The value of a course that takes this approach to teaching science is inestimable. It provided me with a clear filter for distinguishing “knowledge” I had memorized from sincere, independently held, fully-formed knowledge. It helped me to see that complex, abstract principles of science are not the province only of geniuses, but are, if properly taught, accessible to all. It inspired me with epic stories of world-changing discoveries that have made life as we know it possible. And it modeled, and helped me to develop, real intellectual self-discipline.

That is why I cannot recommend this course highly enough.

David Harriman’s “Fundamentals of Physical Science” is now available in the VanDamme Academy Store.

Special Offer: Reduced price for the first 100 buyers!

The Great Depression and the Role of Government Intervention

Don Watkins has an excellent article on The Great Depression and the Role of Government Intervention over at the Voices for Reason blog. Here is a brief summary:

The Myth: An unregulated free market and unrestricted Wall Street greed caused the Great Depression and only the interventionist policies of Franklin D. Roosevelt got us out.

The Reality: The Great Depression was caused by government intervention, above all a financial system controlled by America’s central bank, the Federal Reserve — and the interventionist policies of Hoover and FDR only made things worse.

New Podcast: Rise & Fall: How Ideas Move the World

From Voices for Reason:

One woman, one microphone, one key to the Ayn Rand Institute audio archives — that’s Rise & Fall: How Ideas Move the World, a podcast about the power of philosophic ideas hosted by Ayn Rand Institute research associate Amanda Maxham. “Ideas surround you,” Maxham said. “Ideas shape the way you act, how you feel, what you think is good and what you condemn as evil. Whether it’s the first spark of a new invention or the fall of Rome, ideas shape the world. Rise & Fall illuminates those ideas, one at a time.”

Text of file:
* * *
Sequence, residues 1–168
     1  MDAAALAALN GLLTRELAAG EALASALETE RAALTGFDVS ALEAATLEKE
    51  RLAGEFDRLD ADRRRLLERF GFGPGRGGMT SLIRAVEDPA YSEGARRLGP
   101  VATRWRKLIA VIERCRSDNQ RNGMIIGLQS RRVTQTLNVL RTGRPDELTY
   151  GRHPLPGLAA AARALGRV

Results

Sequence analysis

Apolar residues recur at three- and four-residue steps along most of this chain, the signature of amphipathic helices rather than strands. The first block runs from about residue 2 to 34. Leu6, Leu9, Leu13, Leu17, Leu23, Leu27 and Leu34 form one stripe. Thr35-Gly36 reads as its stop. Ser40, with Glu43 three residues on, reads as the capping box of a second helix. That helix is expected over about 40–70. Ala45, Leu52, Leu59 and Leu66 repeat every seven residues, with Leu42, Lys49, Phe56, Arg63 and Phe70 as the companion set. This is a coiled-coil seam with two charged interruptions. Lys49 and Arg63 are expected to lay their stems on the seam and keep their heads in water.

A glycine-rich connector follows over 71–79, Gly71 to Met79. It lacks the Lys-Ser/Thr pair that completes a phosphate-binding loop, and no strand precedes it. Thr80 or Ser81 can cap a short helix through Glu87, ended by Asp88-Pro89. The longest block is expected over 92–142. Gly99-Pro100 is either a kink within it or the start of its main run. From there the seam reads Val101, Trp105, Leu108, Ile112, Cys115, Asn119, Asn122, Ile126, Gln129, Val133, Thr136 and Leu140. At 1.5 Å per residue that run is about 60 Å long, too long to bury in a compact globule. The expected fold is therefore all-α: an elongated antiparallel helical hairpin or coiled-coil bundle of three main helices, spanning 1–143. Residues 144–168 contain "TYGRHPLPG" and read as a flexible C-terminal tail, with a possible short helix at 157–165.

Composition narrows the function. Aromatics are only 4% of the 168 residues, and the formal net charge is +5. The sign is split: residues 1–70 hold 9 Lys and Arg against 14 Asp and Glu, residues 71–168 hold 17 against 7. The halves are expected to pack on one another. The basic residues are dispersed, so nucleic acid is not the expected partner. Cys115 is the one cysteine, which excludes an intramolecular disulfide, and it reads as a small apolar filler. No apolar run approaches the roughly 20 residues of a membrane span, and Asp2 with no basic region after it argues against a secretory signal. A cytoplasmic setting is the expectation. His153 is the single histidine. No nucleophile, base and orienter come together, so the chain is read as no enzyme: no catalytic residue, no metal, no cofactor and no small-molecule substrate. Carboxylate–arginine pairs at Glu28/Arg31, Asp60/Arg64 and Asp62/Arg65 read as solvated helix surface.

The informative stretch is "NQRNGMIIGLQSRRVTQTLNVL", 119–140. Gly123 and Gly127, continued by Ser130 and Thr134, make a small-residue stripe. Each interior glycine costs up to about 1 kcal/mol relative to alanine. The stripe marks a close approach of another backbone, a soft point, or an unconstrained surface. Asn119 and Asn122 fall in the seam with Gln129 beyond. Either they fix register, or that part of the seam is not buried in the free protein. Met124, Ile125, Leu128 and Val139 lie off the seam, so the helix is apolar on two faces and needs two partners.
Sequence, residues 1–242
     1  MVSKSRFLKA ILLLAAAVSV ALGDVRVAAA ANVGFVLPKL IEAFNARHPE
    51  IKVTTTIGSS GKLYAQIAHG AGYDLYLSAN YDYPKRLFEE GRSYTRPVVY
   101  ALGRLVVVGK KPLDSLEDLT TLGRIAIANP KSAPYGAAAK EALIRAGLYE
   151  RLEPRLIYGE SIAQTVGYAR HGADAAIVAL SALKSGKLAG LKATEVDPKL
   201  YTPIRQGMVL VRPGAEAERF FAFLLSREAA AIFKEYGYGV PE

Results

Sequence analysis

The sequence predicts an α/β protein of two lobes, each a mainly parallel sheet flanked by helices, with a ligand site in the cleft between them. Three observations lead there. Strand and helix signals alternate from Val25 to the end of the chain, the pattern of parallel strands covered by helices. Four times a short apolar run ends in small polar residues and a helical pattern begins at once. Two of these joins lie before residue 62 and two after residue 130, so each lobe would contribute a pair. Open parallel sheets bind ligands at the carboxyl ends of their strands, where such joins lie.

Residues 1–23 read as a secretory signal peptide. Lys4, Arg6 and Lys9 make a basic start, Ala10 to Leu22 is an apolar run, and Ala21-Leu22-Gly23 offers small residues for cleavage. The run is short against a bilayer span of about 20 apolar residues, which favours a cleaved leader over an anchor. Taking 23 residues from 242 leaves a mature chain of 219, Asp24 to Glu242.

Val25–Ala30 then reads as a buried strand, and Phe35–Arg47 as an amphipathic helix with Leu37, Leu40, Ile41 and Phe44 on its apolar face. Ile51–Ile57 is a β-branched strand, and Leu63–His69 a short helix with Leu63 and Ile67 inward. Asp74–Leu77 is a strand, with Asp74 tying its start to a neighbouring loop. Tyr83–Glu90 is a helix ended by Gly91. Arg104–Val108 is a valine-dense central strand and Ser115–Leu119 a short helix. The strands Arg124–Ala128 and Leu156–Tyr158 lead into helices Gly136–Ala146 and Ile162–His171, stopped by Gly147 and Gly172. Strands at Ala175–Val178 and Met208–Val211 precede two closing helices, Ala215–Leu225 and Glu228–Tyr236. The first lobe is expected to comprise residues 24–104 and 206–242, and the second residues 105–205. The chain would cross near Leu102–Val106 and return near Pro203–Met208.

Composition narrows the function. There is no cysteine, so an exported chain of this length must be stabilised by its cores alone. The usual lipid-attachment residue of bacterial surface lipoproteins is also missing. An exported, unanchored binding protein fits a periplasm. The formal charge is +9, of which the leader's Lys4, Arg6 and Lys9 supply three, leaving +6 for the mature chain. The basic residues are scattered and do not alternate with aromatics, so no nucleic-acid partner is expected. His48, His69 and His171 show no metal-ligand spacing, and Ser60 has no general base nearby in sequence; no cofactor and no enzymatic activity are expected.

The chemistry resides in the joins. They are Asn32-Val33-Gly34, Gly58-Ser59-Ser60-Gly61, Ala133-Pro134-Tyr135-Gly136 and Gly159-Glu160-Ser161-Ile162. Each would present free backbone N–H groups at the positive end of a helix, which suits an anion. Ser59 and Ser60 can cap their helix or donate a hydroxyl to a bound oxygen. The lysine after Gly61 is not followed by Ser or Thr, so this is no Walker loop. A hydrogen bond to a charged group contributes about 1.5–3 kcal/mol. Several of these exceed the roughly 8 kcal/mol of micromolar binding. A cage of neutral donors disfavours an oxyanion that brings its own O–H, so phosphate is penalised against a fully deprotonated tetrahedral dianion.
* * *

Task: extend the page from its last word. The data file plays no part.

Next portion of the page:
Maxham chooses a theme for each episode and then digs into ARI’s audio archives, where every lecture, radio program, course and Q&A from Objectivist voices that were caught on tape over the past fifty years waits to be uncovered. She weaves these audio gems together with commentary and original interviews to create each episode of Rise & Fall.

The topics vary, from genetically engineered mosquitoes to the use of language, from “Islamophobia” to courtroom justice, but no matter the topic, Rise & Fall looks at the world through the lens of the power of philosophic ideas. Listeners are encouraged to call the toll-free Rise & Fall line (888-673-5553) to leave a message with reactions to the show or questions for the host and guests. Maxham plans to use these reactions in shaping future episodes. Each episode also features an original illustration by former Institute intern Robert Simpson.

Here are summaries of the first three episodes, slated for release next week (available now on YouTube here):

Episode 1: The Four Events That Significantly Emboldened Islamic Totalitarians: The Iranian Hostage Crisis, the Salman Rushdie Affair, September 11th and the Charlie Hebdo Massacre. Are we in the Western world doomed to more and more attacks by Islamic totalitarians? And what can anyone do about it? The answer might surprise you.

Episode 2: Nature’s Deadliest Killer: The recent outbreak of Zika (a mosquito-borne virus) in the United States brings mankind’s battle against mosquitoes and the diseases they carry to the forefront. We have many tools we can use to fight mosquitoes, such as DDT and GMOs (genetically modified organisms), so why aren’t we using them?